Unhappy handlers at Houston
A number of employees at the Houston-based handler Servisair have filed a federal lawsuit, saying that they’ve been cheated out of pay.
The lawsuit accuses Servisair of intentionally rounding down employee hours worked in the company’s favor. It also claims that the handler did not reimburse employees who worked during their lunch hours and that the handler has made use of a time-keeping system that automatically reduces time worked for its employees at more than 20 airports around the country. The suit seeks class action status to represent the entire group and it is estimated that each employee has lost around five hours’ overtime per week since 2010, and possibly earlier.
The lawsuit accuses the company of deducting 30 minutes each day from workers’ timecards for lunches that were not taken. It further alleges that the company manipulated its time-keeping software system by rounding up start times. Overall, those pressing the suit believe that some tens of millions of dollars have been withheld by the employer.
Interestingly, this is not the first time that the handler has been sued over its payroll strategy: three separate incidents were recorded in Florida in 2012, for example.
A Servisair representative declared that the company had not been notified about the lawsuit and had that there was no official comment for the moment.
Gunning for you…
Despite media awareness campaigns, firearms and airports continue to mix and Sea-Tac holds the dubious record of being one of the main offending airports when it comes to passengers carrying guns. The latest data from the federal government reveals that almost 40 guns were confiscated by the Transportation Security Administration and Port of Seattle security personnel in 2012, putting Sea-Tac firmly in the number eight slot of the top ten guilty airports.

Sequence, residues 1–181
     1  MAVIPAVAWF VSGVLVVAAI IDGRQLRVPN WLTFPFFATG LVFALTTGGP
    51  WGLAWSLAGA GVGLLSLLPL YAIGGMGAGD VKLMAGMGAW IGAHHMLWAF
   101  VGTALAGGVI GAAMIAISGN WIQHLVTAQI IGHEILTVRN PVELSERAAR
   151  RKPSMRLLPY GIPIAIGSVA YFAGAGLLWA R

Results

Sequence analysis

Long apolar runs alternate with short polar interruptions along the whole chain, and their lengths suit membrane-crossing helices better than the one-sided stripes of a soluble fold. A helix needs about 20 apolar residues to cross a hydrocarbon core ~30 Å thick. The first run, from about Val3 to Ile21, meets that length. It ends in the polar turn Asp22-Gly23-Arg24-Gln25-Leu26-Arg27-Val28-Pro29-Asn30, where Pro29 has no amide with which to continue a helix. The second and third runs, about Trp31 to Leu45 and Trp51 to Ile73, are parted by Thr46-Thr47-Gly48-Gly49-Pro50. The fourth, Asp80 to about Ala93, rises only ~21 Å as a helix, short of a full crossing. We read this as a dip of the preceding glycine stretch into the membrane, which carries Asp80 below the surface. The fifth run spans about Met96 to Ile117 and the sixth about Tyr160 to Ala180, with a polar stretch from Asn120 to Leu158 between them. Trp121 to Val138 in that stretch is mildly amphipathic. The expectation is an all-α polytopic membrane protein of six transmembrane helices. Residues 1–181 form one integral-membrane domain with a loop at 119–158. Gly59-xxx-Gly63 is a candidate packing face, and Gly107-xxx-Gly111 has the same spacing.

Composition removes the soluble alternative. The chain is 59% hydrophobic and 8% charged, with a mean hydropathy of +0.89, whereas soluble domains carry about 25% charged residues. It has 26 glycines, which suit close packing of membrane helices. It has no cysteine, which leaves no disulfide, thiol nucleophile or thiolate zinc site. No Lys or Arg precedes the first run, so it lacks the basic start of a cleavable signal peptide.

The TSA actually reported a 30% increase in the number of guns seized at US airports this year compared to the last. Passengers ought to be aware that attempted carriage of a firearm through an airport security checkpoint is both a state and a federal crime, even if the passenger has a concealed weapons permit.
What was perhaps more worrying was the evidence that purported to show that a large percentage of passengers who were caught were not charged with the crime. In fact, a review of four years’ worth of police and prosecutor office reports has shown that 113 passengers were caught at Sea-Tac checkpoints with guns. Of that total, 53 passengers were never charged.
TSA comes in for criticism
According to statistics, complaints leveled against US airport security workers have increased by 26% during the past three years. Worse still, the Transportation Security Agency lacks comprehensive systems to ensure that its employees follow its rules, says a government report.
The report says that complaints included use of drugs and alcohol by TSA agents whilst on duty, along with inconsistent use of security devices, which included X-ray machines.
The report also mentioned nearly 3,500 misconduct allegations, which were filed against TSA workers last year: this was up from 2,691 recorded statements in 2010. Most of these concerned violations of attendance and security policies, says the report published by the Government Accountability Office.
JBT picks up multiple bridge order
JBT Corporation announced recently that its JBT AeroTech business section has received a gate equipment order in excess of US$5m from San Francisco International airport.
The contract, placed by the Hensel Phelps Construction Company, is for the supply of ten new Jetway passenger boarding bridges. These passenger boarding bridges form a key part of the San Francisco Terminal 3 Boarding Area E Improvements Project, which was recently begun to create an environmentally-sustainable facility with world-class passenger amenities.